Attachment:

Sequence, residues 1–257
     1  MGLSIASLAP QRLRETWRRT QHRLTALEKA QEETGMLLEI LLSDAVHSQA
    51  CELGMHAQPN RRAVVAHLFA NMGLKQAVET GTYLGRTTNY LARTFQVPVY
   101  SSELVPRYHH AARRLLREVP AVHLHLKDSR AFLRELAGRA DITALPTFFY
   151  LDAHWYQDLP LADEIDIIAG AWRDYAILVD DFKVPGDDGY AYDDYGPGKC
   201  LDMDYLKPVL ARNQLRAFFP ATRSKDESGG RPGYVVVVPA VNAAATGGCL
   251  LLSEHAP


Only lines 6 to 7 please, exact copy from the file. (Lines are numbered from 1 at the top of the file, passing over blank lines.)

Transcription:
   201  LDMDYLKPVL ARNQLRAFFP ATRSKDESGG RPGYVVVVPA VNAAATGGCL
   251  LLSEHAP